Iraqi government forces have launched a campaign to retake Mosul, the de-facto capital of the Islamic State of Iraq and the Levant (ISIL) group in Iraq. Up to 1.5 million civilians remain in the city, according to the United Nations, amid fears that the vastly outnumbered ISIL fighters could use them as human shields as they seek to repel the assault on its last major stronghold in the country.
Why is Mosul important?
Mosul is Iraq's second largest city and the last urban centre still under ISIL control in Iraq after a series of government offensives to reverse the group's seizure of territory in 2014. This is a very complicated operation, simply because of the mix of forces that are taking part. There is the central government in Baghdad, the Iraqi forces, Iraqi counterterrorism units and there is also the Kurdish Peshmerga who are allied in this fight but who do have a lot of differences.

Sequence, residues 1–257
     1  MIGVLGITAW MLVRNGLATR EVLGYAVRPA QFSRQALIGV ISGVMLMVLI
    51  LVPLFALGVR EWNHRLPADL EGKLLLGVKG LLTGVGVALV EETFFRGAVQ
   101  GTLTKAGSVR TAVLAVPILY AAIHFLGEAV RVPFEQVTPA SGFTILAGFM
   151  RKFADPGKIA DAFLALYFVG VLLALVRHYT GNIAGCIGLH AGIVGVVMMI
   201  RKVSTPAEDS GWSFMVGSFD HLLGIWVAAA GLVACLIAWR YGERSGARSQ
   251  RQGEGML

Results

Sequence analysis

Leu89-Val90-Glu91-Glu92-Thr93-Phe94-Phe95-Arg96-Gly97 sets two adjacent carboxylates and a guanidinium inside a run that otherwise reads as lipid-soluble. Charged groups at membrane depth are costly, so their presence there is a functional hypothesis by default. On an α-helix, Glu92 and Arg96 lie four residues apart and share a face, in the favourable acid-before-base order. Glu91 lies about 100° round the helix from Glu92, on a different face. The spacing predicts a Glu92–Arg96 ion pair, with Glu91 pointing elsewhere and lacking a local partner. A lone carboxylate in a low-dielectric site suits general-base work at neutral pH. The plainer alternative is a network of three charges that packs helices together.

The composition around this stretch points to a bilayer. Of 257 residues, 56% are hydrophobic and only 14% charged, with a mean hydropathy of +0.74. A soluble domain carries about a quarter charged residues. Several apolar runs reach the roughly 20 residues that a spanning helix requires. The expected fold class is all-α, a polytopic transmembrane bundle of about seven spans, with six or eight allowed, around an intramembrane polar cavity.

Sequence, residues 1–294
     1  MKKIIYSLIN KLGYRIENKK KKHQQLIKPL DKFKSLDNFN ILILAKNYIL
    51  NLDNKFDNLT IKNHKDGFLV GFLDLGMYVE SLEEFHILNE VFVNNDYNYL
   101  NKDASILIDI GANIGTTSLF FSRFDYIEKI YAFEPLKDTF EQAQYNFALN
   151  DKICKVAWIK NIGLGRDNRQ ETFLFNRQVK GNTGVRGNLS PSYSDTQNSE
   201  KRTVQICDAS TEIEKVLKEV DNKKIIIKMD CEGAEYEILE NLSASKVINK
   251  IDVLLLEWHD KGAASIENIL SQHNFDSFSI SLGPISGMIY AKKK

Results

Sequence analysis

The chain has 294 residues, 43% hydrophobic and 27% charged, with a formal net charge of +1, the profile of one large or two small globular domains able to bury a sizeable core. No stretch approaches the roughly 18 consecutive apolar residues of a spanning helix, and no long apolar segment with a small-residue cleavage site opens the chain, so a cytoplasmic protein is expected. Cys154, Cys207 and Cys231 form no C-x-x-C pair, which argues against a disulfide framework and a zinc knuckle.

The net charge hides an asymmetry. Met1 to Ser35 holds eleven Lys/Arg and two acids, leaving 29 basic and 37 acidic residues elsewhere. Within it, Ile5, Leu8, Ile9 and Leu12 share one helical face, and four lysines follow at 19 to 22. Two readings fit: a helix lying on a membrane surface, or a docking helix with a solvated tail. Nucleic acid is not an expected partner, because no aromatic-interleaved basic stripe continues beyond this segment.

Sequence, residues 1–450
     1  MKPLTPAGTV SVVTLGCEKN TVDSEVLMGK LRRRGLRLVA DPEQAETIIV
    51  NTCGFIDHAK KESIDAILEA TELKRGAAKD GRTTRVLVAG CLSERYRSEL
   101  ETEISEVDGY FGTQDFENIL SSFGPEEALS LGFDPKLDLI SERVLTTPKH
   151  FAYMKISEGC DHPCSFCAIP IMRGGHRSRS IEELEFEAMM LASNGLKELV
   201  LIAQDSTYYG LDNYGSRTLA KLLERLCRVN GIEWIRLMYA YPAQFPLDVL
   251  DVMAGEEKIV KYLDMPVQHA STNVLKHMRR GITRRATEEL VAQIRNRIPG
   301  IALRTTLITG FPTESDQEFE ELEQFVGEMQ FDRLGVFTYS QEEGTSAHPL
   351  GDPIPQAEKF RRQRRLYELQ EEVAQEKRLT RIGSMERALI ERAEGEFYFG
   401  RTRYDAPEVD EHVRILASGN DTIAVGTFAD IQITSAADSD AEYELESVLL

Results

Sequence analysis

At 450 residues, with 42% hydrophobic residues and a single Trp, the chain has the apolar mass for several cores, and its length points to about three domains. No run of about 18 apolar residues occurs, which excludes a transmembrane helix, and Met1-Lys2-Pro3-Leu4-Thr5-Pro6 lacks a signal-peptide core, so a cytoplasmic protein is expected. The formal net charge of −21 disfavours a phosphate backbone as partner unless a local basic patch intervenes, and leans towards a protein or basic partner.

"The hour has come and the moment of great victory is near," Haider al-Abadi, Iraq's prime minister, said early on Monday in a speech broadcast on state TV, surrounded by the armed forces' top commanders. The bid to retake Mosul comes after the military, backed by armed tribes, militias and US-led coalition air strikes, regained much of the territory the fighters seized in 2014 and 2015. "We are proud to stand with you in this historic operation," Brett McGurk, US envoy to the coalition against ISIL, said on Twitter at the start of the Mosul offensive. Al Jazeera's Zeina Khodr, reporting from Khazir, just east of Mosul, said preparations for the offensive had long been under way, with forces amassing around the ISIL-held city's outskirts.